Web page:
Tensions are rising at the Highway 126 anti-fracking camp near Elsipogtog First Nation in Kent County, New Brunswick (traditional regional name: the Wabanakik). With the total number of arrests climbing from 17 to 29 on Friday, National Aboriginal Day -- and the heat of last weekend's confrontation, which led to the hospitalization of a community member, still heavy in the air -- a sense of momentum is palpable.
The Atlantic premiers did two big things at their meeting last weekend. They basically called the Harper government incompetent, having constructed labour market policies on the basis of "anecdotes" and no evidence.
And for the first time in more than a generation -- apart from Newfoundland's mercurial former premier, Danny Williams -- someone from these parts has said "boo" to the federal government.
Twice the same day recently I heard this, spoken in dismissive rage: "That idiot, Harper" and "that fool in Ottawa."
In my decades watching politics, I've found that tone of voice is more indicative of political fortune than either polls or rational argument.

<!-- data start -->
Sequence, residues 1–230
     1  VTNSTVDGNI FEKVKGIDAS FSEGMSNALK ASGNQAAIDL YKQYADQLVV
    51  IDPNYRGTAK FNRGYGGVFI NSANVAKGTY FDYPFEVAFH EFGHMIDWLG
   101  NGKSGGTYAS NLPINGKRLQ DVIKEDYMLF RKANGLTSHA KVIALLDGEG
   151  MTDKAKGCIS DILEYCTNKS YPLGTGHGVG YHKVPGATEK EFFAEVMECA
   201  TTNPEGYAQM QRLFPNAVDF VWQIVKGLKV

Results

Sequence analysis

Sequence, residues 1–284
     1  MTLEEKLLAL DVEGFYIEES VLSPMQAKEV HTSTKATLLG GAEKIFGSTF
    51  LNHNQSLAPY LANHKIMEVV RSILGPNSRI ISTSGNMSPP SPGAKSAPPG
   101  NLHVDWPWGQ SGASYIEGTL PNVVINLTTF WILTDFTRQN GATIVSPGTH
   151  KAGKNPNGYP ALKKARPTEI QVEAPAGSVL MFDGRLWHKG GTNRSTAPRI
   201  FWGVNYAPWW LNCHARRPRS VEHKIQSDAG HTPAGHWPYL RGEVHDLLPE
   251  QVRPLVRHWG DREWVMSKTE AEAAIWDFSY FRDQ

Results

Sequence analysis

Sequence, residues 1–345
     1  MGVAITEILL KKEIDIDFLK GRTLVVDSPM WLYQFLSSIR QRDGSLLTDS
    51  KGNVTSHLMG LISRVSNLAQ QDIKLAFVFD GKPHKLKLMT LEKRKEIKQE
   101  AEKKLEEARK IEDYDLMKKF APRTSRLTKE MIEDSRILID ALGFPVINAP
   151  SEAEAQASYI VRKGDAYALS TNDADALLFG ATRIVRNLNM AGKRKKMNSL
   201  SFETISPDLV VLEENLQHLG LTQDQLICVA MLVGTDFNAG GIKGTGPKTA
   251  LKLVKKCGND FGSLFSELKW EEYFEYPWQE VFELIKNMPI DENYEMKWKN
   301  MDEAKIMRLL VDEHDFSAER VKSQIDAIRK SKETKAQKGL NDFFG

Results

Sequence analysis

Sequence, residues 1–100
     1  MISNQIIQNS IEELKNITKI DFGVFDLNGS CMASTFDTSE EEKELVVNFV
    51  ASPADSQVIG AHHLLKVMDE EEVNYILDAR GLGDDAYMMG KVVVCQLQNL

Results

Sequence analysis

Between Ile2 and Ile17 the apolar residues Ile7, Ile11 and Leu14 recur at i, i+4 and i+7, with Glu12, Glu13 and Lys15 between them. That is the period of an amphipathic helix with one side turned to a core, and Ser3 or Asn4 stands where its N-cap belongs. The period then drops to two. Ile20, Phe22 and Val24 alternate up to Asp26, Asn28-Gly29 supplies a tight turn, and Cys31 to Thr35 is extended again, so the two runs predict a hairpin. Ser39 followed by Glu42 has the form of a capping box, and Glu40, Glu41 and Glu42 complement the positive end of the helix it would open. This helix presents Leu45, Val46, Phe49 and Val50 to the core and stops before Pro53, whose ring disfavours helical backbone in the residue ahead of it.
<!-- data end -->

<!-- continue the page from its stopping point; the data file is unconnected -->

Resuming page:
One speaker was a fisherman, angry at ham-fisted fishery management reforms, the other a guy who fixes houses for sale and had just been told by his bank manager that uncertainty over EI changes made an already catastrophic real estate market in Western Nova Scotia even worse.
Both probably voted for Harper last time, and neither thinks much about politics -- the type of "Tim Horton's crowd" voter the Conservatives target.
Budget time is approaching in Nova Scotia, as elsewhere. Not just any budget time, but that special variety that precedes an election (this fall, I'd guess). You can usually tell by the tension in the media/political complex. The government is preparing for the buckets of vitriol that will fall on its head when it announces that it can't balance the budget this year as promised, and there's a howl over a $27-million accounting error in last year's budget.